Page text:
Micro-enterprise

the US State Dept (USAID) defines a micro-enterprise as “a firm of 10 or fewer employees, including unpaid family workers, that is owned and operated by someone who is poor.” apart from the grameen bank type efforts, Congress supplies a good amount of money every year for small sized loans (~$500) and business development activities (BDA) to poor individuals worldwide – majority women – in the form of microcredit.

in 2002 it was $170 million = $110M microfinance + $47M business development services (BDS) +… see review papers prepared by the US state dept (in 2004). this has been shown to bring families out of poverty — consistent with what we would expect from Dr. Krishna’s surveys on the causes for families falling into and rising out of poverty.

the basis (or bias) of microcredit is a repayment rates of 95-97% ensured through social support groups who hold each other accountable, and which turn requires focus on businesses that the villagers know how to make money from and so many end up being agricultural based. examples cited here tend to indicate this (selling vegetables, food preparation, etc) while some are non-agricultural (sewing, kerosene lamps, handicrafts)

1. Members must run successful businesses. This is at the heart of what we do. Our members create businesses around existing livelihood skills and provide simple services and products for which there is already a demonstrated demand. Their business plans must pass the scrutiny of their own self-guarantee groups, which have the power to reject loan applications.

2. Perhaps counter-intuitively, even the poorest people (i.e., those earning less than $1 per day per capita) do not, in general, need formal training before launching a business supported by a microfinance institution (MFI). Their “survival skills,” honed in an environment where there is neither a safety net nor wage employment to fall back on, are well developed, though severely undercapitalized. Providing capital, in a structured format where peer accountability is emphasized, is the most efficient and respectful means of ensuring rapid progress. Costly business training and technical assistance programs can therefore often be dispensed with or used only in exceptional cases.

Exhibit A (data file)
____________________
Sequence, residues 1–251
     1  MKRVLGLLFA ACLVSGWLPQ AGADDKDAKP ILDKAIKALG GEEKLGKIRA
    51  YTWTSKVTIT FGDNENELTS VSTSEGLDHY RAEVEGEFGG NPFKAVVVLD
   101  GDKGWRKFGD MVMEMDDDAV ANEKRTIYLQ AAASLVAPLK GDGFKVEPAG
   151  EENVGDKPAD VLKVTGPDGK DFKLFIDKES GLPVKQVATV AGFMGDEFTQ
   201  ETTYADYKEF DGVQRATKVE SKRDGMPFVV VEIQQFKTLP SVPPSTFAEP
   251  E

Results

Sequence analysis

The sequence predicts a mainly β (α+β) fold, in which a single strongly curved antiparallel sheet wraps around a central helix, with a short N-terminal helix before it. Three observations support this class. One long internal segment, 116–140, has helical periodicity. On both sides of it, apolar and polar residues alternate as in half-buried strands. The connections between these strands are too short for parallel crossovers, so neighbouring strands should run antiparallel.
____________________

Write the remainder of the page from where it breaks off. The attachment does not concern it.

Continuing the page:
so the success of micro-enterprises hinges on information that the villager already knows about and has access to. from these papers and the IIT-Madras analysis for india, it seems little to nothing has been done so far to expand the information available to villagers about higher paying opportunities in their village or region by exposing demand and reducing distribution costs in the local/rural economies – how do we close the information deficit?

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